Another thing which occasionally helps here is to ask the student the simplest possible question: "What is bothering you about this rule?". I think I've already established, there is something to be bothered about here. But the student, not always having the faculty with words to explain what is bothering him, just feels "silly" and "inadequate" to deal with the problem. In other words, he feels that it is already wrong to be bothered about something so "simple", which is absolutely bananas! The opposite is true.

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    $\begingroup$ This answer is no less great than the others. $\endgroup$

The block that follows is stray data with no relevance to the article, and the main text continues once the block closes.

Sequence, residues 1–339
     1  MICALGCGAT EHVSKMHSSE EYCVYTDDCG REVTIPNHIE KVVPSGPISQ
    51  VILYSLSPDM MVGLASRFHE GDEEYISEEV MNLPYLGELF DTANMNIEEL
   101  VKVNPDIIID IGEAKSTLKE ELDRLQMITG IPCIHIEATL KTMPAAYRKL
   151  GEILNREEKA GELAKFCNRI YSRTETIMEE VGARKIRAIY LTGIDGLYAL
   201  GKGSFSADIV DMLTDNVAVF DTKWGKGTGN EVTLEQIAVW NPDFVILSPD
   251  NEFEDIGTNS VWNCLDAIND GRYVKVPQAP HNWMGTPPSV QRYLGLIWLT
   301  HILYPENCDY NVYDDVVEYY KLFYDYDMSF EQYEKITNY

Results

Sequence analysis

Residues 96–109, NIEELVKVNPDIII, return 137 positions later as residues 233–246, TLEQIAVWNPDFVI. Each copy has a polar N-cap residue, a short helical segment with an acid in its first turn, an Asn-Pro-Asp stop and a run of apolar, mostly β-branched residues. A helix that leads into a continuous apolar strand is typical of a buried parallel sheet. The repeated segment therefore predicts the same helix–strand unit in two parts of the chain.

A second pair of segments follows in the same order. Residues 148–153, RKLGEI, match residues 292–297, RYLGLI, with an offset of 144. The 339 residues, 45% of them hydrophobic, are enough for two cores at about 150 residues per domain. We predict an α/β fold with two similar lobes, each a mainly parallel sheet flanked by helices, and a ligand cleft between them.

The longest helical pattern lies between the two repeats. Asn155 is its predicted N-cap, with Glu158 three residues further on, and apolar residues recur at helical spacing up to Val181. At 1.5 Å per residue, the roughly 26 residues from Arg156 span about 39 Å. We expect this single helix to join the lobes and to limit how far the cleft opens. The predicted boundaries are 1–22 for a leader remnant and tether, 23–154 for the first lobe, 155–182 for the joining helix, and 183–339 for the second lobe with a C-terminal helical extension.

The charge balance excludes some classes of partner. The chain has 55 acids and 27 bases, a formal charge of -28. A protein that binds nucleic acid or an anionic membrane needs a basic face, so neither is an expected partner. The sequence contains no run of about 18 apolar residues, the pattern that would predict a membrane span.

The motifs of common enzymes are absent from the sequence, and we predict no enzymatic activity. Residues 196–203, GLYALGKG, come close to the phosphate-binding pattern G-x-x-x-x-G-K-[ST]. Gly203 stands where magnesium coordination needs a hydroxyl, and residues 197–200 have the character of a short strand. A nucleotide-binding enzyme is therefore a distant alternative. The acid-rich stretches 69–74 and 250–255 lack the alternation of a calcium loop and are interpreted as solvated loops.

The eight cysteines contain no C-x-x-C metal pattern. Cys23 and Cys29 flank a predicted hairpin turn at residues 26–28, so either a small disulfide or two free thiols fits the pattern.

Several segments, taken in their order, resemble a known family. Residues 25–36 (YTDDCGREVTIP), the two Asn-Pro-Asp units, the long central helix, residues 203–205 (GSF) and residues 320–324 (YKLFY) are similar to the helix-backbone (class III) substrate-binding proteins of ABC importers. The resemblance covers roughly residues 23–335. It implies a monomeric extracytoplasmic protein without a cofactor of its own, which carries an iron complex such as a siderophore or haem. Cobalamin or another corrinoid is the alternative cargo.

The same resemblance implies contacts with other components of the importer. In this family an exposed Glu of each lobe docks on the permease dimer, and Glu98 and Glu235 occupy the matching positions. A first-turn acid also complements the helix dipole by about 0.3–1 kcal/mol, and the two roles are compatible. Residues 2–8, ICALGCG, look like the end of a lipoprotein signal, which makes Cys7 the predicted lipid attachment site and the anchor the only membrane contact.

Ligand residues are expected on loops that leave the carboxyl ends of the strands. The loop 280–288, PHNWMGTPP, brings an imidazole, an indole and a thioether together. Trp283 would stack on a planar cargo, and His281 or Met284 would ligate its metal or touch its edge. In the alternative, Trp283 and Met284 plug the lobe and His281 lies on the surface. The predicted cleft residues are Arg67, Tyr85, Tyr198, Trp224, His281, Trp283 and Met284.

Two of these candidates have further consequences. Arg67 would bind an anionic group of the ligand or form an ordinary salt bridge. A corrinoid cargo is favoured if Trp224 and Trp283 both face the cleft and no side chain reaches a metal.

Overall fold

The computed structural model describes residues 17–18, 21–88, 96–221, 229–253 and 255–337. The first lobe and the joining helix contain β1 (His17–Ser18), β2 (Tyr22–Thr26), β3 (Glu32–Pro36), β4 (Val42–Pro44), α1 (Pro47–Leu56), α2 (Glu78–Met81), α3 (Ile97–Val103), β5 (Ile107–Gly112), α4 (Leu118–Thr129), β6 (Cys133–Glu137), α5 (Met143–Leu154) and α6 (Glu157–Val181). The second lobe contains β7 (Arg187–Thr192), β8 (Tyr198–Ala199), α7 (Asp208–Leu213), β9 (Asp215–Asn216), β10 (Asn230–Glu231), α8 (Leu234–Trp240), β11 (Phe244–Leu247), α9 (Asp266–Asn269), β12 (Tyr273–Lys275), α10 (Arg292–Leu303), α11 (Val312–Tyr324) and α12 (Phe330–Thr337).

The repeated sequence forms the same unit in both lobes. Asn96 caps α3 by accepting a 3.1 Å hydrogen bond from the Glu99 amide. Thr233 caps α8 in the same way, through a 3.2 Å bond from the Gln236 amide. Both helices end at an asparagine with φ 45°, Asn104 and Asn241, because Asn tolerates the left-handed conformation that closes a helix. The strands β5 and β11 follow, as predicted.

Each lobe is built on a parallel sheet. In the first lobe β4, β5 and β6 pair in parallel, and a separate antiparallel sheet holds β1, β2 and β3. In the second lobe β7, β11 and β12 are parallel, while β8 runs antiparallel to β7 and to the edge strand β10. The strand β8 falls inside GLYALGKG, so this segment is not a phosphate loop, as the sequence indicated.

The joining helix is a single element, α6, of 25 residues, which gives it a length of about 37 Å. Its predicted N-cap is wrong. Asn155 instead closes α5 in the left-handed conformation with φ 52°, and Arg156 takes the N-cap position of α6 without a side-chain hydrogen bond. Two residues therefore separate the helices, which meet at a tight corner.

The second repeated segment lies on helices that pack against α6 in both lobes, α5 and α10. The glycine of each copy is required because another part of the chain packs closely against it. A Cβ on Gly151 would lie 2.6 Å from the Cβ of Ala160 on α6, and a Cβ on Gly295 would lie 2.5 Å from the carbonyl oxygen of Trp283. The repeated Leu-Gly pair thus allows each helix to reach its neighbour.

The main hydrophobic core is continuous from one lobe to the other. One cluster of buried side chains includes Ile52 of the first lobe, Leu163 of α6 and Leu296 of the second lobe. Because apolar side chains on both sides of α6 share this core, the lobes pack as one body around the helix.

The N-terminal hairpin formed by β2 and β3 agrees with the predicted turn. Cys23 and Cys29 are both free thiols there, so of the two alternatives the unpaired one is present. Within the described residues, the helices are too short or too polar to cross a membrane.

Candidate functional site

– ryang
    Feb 7, 2023 at 2:42
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My advice is "and".

  1. List the principle. But NOT in a symbolic (ab) manner. Just "you can change the order when multiplying." [Realize you will need to repeat it, several times. They are not programmable machines. But just keep doing so.]

-and-

  1. Each time they miss it, have them do a few simpler examples. 2 x 3 x 4. 2 x 5 x 10. (in a couple orders) [After a while, they will get sick of it. And decide to remember the principle.]

So, net net, I think your instincts are correct in recognizing that weaker students won't learn axiomatically). They are different than you. But in degree...we all share traits of ability and disability in intellect. Unless you're Von Neumann, you need drill, to engrain math tricks. He of course was a Martian. But human brains are more like Harry Potter's hand. Need Umbridge's pen to furrow some lines into it/them.